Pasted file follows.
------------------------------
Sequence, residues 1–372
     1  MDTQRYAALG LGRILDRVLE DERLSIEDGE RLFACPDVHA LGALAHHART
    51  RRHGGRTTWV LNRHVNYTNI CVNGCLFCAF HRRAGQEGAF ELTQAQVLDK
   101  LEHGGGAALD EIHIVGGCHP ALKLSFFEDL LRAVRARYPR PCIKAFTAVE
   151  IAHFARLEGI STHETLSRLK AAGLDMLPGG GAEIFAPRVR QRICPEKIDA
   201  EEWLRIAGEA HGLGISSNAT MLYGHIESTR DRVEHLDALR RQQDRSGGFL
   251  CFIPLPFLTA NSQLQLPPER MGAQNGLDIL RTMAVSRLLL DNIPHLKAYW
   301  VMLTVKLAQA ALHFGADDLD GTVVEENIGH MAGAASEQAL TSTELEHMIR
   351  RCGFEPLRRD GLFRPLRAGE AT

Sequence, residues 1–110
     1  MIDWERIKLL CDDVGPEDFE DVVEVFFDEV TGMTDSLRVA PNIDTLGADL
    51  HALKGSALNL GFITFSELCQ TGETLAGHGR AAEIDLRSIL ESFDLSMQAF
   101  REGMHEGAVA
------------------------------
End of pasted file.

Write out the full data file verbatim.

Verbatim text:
Sequence, residues 1–372
     1  MDTQRYAALG LGRILDRVLE DERLSIEDGE RLFACPDVHA LGALAHHART
    51  RRHGGRTTWV LNRHVNYTNI CVNGCLFCAF HRRAGQEGAF ELTQAQVLDK
   101  LEHGGGAALD EIHIVGGCHP ALKLSFFEDL LRAVRARYPR PCIKAFTAVE
   151  IAHFARLEGI STHETLSRLK AAGLDMLPGG GAEIFAPRVR QRICPEKIDA
   201  EEWLRIAGEA HGLGISSNAT MLYGHIESTR DRVEHLDALR RQQDRSGGFL
   251  CFIPLPFLTA NSQLQLPPER MGAQNGLDIL RTMAVSRLLL DNIPHLKAYW
   301  VMLTVKLAQA ALHFGADDLD GTVVEENIGH MAGAASEQAL TSTELEHMIR
   351  RCGFEPLRRD GLFRPLRAGE AT

Sequence, residues 1–110
     1  MIDWERIKLL CDDVGPEDFE DVVEVFFDEV TGMTDSLRVA PNIDTLGADL
    51  HALKGSALNL GFITFSELCQ TGETLAGHGR AAEIDLRSIL ESFDLSMQAF
   101  REGMHEGAVA